In the absence of “grand narratives,” what we are left with is a politics of the personal that demands an accounting of any and all personal affectations, language, comportment, and private choices. Suddenly, everything we say, everything we do, how we do or don’t fuck, is lardered with almighty political importance.
Postmodern ideas demand that we accept that there supposedly is no objective truth, and turn instead to the wisdom of experience: our unique experience, which is the only thing any of us knows for sure. And like a pointillist painting, hopefully everyone’s discrete dot adds up to a big picture. Thus comes the emphasis on managing private trauma as an important site of activism.
I came across a very interesting article recently in regard to western society and the use of color, which explores colonial history and historical context.
But consider this: in the things that we make or buy, color tends to be reined in. While there are some rule-breakers out there, generally speaking, we think that bright colors are acceptable in limited doses, but too much vivid color can seem like an assault on the senses, or we just dismiss it as tacky.
For instance, it would be considered fashionable to wear a bright pink tie, so long as the suit is gray, but in general, we would find it eccentric or odd to wear a bright pink suit with a gray tie. And in terms of home decor, we’ve had plenty of heated debates about how tacky or inconsiderate it is to paint one’s home in a “loud” color, and it’s been reported that the most popular color for home exteriors is white.
Chromophobia is marked, not just by the desire to eradicate color, but also to control and to master its forces. When we do use color, there’s some sense that it needs to be controlled; that there are rules to its use, either in terms of its quantity or its symbolic applications (e.g., don’t paint your dining room blue because it suppresses appetite). Please note that I’m not arguing against color psychology; it’s undeniable that certain colors carry certain cultural assumptions and associations, a fact that has led anthropologist Michael Taussig to argue that color should be considered a manifestation of the sacred.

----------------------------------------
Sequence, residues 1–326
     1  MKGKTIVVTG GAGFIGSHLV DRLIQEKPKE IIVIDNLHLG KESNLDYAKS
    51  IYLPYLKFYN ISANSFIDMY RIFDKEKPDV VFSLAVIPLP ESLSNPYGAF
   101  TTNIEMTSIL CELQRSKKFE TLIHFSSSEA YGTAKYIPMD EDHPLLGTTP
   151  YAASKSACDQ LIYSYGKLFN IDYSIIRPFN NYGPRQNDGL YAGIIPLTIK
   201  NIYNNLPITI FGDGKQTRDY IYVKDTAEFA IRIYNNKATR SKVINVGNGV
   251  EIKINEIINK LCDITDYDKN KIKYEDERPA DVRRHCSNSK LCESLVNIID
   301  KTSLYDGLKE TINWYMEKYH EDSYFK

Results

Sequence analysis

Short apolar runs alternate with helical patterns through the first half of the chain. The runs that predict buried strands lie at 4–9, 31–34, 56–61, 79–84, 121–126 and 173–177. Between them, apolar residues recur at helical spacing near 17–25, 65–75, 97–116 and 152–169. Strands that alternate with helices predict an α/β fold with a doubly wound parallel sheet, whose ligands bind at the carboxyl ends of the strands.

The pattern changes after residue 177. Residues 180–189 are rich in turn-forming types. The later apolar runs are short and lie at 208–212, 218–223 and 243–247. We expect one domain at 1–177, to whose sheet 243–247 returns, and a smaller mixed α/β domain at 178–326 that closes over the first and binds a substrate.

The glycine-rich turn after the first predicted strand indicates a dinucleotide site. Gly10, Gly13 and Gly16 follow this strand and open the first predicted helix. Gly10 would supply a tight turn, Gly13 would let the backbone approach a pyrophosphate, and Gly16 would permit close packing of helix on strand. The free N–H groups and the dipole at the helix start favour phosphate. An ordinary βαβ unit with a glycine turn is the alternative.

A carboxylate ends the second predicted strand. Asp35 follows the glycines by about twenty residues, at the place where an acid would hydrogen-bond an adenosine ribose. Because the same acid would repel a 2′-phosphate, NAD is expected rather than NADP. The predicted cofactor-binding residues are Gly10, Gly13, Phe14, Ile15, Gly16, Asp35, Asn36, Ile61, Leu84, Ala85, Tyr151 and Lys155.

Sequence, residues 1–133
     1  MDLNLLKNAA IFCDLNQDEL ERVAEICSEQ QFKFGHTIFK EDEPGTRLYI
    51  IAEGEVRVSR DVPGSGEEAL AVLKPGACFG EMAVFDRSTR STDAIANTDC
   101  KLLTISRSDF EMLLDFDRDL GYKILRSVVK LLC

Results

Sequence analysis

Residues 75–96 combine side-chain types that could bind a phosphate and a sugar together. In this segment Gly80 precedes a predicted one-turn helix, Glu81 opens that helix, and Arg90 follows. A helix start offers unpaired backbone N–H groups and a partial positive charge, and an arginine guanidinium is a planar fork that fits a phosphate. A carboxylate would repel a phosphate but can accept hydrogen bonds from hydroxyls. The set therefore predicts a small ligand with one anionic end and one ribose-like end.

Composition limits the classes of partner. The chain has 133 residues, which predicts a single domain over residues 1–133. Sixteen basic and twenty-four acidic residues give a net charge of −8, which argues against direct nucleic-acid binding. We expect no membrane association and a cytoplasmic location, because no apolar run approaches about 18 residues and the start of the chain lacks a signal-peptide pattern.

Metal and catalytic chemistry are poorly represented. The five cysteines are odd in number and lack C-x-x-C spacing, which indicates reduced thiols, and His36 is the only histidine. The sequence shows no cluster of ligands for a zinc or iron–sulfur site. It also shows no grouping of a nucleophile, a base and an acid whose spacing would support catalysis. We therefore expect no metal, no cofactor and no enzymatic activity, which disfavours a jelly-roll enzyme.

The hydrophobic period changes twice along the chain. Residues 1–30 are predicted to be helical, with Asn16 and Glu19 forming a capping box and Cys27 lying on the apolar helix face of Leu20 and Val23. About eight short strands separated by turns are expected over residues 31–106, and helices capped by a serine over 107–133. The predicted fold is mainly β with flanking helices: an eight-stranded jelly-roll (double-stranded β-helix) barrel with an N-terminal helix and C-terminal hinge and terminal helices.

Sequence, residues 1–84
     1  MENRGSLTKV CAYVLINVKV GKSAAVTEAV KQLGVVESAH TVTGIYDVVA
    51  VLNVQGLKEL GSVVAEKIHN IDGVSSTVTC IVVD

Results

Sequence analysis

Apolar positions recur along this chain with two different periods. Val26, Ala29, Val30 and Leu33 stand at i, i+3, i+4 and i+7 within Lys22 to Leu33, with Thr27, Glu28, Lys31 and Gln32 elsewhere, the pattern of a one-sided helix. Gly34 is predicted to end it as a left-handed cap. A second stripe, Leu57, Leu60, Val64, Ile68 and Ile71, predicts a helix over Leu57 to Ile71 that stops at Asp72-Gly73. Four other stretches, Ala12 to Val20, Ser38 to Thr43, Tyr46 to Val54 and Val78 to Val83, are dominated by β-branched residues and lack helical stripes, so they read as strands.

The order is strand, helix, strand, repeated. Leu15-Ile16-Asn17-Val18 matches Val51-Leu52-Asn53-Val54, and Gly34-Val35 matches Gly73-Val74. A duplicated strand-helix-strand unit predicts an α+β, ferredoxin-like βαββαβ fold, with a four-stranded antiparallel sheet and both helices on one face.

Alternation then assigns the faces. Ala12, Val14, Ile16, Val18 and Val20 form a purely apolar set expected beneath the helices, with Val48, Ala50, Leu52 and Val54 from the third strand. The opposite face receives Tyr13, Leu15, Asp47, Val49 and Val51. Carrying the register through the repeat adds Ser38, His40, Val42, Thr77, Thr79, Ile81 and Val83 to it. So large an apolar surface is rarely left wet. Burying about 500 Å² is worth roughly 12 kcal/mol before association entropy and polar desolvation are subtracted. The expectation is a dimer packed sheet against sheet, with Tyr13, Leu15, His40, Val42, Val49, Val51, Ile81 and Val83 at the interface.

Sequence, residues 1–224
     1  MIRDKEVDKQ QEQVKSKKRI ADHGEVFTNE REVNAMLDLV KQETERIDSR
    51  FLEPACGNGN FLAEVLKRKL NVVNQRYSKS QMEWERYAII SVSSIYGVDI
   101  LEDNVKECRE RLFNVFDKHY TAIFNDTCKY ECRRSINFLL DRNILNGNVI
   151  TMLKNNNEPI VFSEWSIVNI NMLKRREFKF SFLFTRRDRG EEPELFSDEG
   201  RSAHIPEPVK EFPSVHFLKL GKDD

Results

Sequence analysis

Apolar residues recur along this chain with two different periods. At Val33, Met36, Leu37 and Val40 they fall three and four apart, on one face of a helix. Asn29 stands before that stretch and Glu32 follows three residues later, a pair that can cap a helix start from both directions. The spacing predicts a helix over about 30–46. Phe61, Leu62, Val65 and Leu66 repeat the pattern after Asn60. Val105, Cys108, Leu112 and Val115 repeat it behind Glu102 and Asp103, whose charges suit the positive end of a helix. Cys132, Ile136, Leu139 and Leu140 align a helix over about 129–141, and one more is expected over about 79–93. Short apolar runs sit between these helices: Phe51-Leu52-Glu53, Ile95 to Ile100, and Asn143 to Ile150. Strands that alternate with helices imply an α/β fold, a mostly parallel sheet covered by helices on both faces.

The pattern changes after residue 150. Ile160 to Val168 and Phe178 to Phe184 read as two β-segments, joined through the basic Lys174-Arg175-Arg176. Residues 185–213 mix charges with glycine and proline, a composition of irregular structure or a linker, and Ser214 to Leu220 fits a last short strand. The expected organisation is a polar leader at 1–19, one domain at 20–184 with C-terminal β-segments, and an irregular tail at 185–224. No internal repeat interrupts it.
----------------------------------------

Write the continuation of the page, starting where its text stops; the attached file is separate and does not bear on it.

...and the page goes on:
But what I am arguing is that there is a pervasive idea that color gets us in the gut: it’s seductive, emotional, compelling. Color, in the words of nineteenth-century art theorist Charles Blanc, often “turns the mind from its course, changes the sentiment, swallows the thought.”
According to some art critics, sensory anthropologists, and historians, this mutual attraction and repulsion to color has centuries-old roots, bound up in a colonial past and fears of the unknown.
Michael Taussig has recounted that from the seventeenth century, the British East India Company centered much of its trade on brightly colored, cheap, and dye-fast cotton textiles imported from India. Because of the Calico Acts of 1700 and 1720, which supported the interests of the wool and silk weaving guilds, these textiles could only be imported into England with the proviso that they were destined for export again, generally to the English colonies in the Caribbean or Africa.
These vibrant textiles played a key part in the African trade, and especially in the African slave trade, where British traders would use the textiles to purchase slaves. According to Michael Taussig, these trades are significant not only because they linked chromophilic areas like India and Africa, but also because “color achieved greater conquests than European-instigated violence during the preceding four centuries of the slave trade. The first European slavers, the Portuguese in the fifteenth century, quickly learned that to get slaves they had to trade for slaves with African chiefs and kings, not kidnap them, and they conducted this trade with colored fabrics in lieu of violence.” Ironically, many of these slaves were then put to work in the colonies cultivating plants like indigo, that yielded dyes whose monetary values sometimes surpassed that of sugar.